Starbucks has probably improved your coffee-drinking life even if you never step foot inside a Starbucks shop. Because, again, what chains do is set a floor for standards beneath which it is not wise to fall. Starbucks may not be the best coffee in the world but if you’re competing with Seattle’s largest you better offer something better than they can provide.
The reason Starbucks and other chains have made less impact in, say, Italy or the Netherlands is that these countries were amply-stocked with places you could purchase good coffee before Starbucks et al arrived. Britain? Well, not so much.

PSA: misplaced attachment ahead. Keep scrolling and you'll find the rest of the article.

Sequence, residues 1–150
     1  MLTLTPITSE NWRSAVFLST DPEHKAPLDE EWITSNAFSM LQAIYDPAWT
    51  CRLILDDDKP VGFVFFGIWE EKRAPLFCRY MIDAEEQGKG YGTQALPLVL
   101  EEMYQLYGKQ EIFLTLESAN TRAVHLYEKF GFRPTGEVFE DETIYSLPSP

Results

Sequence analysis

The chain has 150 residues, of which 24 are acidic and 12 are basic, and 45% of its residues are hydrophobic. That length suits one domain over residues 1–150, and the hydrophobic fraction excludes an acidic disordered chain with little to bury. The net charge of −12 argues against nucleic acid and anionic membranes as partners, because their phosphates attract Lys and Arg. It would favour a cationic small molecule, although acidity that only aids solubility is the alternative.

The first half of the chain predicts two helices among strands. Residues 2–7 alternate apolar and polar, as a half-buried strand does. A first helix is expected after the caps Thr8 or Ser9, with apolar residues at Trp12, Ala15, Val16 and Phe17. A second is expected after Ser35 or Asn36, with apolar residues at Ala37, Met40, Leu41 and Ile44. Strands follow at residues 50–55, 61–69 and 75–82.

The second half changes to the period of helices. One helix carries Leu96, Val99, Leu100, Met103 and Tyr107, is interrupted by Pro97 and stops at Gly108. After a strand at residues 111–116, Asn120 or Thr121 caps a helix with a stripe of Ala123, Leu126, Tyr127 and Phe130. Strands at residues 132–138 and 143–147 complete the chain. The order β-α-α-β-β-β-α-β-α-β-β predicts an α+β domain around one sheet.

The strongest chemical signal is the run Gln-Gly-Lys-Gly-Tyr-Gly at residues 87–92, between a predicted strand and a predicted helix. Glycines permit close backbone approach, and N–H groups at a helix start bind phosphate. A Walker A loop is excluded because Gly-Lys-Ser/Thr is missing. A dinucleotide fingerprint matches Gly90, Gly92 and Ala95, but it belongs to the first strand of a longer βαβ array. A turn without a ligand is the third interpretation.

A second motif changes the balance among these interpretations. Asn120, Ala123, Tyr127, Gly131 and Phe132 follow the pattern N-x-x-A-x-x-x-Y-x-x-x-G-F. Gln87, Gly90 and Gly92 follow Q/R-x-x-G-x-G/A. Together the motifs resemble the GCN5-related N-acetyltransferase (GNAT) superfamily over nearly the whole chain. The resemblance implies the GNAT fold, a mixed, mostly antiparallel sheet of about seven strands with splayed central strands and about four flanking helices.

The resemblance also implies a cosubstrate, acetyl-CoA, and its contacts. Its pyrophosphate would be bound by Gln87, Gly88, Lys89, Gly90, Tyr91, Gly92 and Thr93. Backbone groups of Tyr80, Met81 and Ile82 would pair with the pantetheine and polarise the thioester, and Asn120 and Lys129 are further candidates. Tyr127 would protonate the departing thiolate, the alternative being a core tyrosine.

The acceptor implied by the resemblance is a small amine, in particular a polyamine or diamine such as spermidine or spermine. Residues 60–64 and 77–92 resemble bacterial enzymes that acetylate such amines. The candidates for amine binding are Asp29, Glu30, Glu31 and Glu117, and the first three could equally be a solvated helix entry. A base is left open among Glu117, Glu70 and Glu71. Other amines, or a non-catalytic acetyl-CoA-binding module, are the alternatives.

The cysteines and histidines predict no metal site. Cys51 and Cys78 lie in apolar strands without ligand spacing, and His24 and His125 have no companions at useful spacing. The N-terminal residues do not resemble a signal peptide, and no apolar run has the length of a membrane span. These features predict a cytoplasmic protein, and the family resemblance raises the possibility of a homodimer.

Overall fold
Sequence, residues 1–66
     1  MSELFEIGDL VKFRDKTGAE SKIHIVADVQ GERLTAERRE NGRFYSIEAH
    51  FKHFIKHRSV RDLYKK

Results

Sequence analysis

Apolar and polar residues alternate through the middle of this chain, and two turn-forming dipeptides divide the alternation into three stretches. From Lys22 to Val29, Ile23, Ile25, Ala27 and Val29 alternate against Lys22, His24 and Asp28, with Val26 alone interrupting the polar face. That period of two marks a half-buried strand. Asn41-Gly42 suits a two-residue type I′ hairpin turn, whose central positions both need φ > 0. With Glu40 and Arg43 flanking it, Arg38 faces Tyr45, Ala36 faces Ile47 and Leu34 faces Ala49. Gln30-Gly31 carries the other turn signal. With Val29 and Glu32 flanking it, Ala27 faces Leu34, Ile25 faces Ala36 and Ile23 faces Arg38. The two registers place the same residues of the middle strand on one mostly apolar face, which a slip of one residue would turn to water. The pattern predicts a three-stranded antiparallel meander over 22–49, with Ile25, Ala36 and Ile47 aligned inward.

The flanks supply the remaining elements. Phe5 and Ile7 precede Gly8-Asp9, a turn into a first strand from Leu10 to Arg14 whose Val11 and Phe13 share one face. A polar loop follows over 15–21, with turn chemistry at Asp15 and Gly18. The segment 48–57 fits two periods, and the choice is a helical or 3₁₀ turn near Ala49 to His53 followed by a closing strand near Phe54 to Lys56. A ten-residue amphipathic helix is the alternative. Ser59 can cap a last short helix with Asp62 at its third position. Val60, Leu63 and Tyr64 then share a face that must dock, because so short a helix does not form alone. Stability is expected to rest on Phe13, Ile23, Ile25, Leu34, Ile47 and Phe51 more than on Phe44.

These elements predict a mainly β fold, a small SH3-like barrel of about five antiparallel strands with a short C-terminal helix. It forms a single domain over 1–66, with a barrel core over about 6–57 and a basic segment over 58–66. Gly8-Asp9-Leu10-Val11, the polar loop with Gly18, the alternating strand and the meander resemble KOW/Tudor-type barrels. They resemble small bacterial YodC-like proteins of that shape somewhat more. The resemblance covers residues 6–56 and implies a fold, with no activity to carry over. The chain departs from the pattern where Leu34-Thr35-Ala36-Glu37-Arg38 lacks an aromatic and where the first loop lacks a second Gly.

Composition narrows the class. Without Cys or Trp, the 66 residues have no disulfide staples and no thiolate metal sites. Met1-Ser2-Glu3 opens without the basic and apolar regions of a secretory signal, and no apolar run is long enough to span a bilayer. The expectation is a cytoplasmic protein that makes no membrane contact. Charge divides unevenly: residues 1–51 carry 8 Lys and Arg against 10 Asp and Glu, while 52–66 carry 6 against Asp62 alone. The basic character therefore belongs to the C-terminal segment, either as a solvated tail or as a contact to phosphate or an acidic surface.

Those wealthy consumers who deplore Starbucks and want to stick to their single-tree sourced, Ethiopian high-roast or other comparably trendy, exotic and fussy brews are entitled to their prejudices. But they might at least recall that Starbucks created the market in which they can parade their snobberies. They owe something to Seattle too.